Cats In the Cradle Comes Home

I’ve lived long enough to complete crossing the arc of Harry Chapman’s iconic folk song, Cats in the Cradle.

Our son called the other night.

“Hey,” he said. “I’m just calling to check in on you guys.”

My wife and I put my phone on speaker so we could share the experience together. He’s crossed over his mid-twenties but in our eyes, will always be the excited blue-eyed boy ready to greet each morning. As parents, memories of our children tend to suspend themselves in amber like an insect trapped in time. We are the same.

Background noise hints he is his car. The hours separating us are there, but he is always on our minds.

“All good on this end,” he said. “How about you?”

I convinced no matter how many years go on our personal odometers an unexpected call from your child will always magically refresh your soul like a cold drink of ice water on a humid Texas afternoon.

We barely get into the conversation when a pulsing sound between us indicates another call is coming in on his end.

“Hey, he interrupts. “I need to take this call.”

It wasn’t necessarily the words themselves, but the phrasing and tone. Strong, firm, mature. In one moment, my wife and I both recognizing the paradigm of parenting shifting. Looking down at his photo on the screen looking back at us, the moment fused in our hearts.

Much like the song, our son had unknowingly crossed the line into full-blown adulthood by using the exact phrase easily recognized in our family – six words he’d heard as code for a highly-important call related to work throughout his life.

“I need to take this call.”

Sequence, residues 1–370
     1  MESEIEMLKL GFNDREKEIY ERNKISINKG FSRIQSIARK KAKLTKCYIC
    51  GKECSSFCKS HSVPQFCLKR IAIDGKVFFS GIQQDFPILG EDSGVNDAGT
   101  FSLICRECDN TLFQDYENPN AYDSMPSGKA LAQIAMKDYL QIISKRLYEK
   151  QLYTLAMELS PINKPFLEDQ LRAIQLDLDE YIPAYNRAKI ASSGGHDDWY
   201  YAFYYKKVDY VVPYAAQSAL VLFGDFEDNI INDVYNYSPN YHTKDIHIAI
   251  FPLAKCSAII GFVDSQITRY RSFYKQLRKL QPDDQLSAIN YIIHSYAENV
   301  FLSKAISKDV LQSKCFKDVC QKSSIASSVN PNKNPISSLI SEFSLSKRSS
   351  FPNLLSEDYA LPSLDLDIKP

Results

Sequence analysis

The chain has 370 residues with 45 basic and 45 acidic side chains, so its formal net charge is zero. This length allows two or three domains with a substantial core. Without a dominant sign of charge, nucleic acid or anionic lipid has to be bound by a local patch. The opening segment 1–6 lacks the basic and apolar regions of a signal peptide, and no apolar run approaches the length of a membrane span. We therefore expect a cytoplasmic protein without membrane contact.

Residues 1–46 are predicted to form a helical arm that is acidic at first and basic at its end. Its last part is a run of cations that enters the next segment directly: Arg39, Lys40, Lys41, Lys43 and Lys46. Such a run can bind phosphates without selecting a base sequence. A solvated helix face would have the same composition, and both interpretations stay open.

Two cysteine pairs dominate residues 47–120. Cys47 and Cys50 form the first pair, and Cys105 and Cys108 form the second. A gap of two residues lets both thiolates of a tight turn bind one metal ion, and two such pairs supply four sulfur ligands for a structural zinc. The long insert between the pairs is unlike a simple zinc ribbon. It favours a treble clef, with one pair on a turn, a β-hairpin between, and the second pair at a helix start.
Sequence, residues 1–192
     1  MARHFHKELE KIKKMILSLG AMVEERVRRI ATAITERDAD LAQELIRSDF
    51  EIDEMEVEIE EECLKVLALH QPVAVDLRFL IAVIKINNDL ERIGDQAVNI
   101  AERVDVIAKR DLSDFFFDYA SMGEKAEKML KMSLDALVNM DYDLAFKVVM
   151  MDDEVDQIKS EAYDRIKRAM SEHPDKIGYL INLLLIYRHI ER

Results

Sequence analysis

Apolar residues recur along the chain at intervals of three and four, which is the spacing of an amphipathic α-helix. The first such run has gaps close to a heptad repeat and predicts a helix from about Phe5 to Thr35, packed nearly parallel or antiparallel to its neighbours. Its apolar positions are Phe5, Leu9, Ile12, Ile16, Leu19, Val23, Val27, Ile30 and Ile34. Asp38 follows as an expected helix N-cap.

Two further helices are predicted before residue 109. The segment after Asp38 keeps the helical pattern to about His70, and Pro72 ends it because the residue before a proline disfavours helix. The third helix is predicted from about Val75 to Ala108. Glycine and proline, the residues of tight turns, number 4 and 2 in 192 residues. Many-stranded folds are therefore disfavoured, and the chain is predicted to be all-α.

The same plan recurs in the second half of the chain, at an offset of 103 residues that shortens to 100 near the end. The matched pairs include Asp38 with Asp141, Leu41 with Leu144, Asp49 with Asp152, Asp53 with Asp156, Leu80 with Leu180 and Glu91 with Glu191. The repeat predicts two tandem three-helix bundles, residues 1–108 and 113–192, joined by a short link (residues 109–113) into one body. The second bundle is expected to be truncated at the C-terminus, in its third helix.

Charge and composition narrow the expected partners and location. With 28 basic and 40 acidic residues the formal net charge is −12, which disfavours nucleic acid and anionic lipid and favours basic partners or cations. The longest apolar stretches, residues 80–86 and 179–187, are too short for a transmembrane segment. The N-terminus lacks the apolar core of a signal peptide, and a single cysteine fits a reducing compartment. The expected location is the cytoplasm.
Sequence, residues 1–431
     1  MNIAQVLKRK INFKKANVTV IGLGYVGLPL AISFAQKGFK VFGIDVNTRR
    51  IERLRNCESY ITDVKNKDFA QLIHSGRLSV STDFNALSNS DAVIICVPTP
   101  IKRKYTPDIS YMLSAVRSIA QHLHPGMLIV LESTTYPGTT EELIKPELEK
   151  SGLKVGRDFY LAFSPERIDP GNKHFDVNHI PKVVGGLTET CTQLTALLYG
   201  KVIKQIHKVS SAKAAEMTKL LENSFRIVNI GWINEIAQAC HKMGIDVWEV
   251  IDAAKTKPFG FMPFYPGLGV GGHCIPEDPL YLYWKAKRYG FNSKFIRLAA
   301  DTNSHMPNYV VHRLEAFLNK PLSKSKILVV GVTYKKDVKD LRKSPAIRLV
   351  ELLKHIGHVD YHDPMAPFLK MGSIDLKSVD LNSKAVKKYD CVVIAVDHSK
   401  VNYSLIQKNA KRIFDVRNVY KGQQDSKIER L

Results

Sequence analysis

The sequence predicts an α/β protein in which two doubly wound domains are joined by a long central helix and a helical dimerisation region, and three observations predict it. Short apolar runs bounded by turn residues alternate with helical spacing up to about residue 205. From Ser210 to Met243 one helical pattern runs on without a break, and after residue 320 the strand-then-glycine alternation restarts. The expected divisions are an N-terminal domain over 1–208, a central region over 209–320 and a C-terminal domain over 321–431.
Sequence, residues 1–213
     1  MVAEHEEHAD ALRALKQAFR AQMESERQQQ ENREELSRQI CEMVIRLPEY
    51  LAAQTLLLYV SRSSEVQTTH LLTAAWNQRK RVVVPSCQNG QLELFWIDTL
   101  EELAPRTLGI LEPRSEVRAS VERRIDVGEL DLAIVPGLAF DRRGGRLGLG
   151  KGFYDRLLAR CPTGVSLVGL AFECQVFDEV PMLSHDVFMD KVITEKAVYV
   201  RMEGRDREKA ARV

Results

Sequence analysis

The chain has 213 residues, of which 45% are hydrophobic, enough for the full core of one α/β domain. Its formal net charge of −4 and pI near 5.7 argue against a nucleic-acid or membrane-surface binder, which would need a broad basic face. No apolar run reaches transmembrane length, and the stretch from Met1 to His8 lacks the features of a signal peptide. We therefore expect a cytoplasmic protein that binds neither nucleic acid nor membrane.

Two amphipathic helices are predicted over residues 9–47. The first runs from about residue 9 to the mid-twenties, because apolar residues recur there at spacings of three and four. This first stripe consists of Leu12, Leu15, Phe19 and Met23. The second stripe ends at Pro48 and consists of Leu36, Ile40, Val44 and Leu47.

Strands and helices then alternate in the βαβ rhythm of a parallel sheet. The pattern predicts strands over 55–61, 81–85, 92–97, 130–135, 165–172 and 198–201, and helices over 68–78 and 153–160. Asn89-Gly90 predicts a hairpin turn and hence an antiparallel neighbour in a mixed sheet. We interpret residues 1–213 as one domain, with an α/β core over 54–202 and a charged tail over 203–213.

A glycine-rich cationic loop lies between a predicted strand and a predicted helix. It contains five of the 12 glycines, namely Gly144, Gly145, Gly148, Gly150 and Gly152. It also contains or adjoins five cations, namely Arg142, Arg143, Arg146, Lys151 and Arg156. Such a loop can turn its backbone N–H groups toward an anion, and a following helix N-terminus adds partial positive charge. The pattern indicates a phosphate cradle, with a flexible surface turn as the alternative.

In our home, this was a drop everything code for a storm hitting and the newspaper losing power, an unexpected call from a coworker at a highly unusual hour, or one from someone we were urgently waiting a return call. In our family, the phrase was sparingly used, but universally understood. No one’s feeling were hurt, but rather we all recognized as a family a newspaper’s life is fluid and unpredictable on each of us.

In Chapman’s song, the story arch goes from the young boy wishing for his father’s attention to a total role reversal, one where the father is now the child thirsting for a moment – any moment – with his son.

If you are a parent, it is hard to listen to this song without both your mind and body reacting to the deep and authentic emotions. From the young boy asking his dad to play catch to the closing where the son is telling the father he’s tied up with work and the kids have the flu, the words rip deeply into the listener’s heart. I remember doing the same as a kid with my dad, fighting to get his attention.

And like the day of his birth, our conversation this week will always be held closely as one I will never forget – and my world shifted.

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